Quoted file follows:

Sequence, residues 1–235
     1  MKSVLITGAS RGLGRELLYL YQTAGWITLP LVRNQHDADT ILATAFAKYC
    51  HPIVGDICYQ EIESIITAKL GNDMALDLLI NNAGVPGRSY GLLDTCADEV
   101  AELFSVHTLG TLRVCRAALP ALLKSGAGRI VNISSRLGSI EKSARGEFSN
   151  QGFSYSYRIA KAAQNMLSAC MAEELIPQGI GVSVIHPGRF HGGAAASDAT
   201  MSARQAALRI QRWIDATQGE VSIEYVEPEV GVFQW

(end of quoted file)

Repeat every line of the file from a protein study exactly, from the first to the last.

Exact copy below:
Sequence, residues 1–235
     1  MKSVLITGAS RGLGRELLYL YQTAGWITLP LVRNQHDADT ILATAFAKYC
    51  HPIVGDICYQ EIESIITAKL GNDMALDLLI NNAGVPGRSY GLLDTCADEV
   101  AELFSVHTLG TLRVCRAALP ALLKSGAGRI VNISSRLGSI EKSARGEFSN
   151  QGFSYSYRIA KAAQNMLSAC MAEELIPQGI GVSVIHPGRF HGGAAASDAT
   201  MSARQAALRI QRWIDATQGE VSIEYVEPEV GVFQW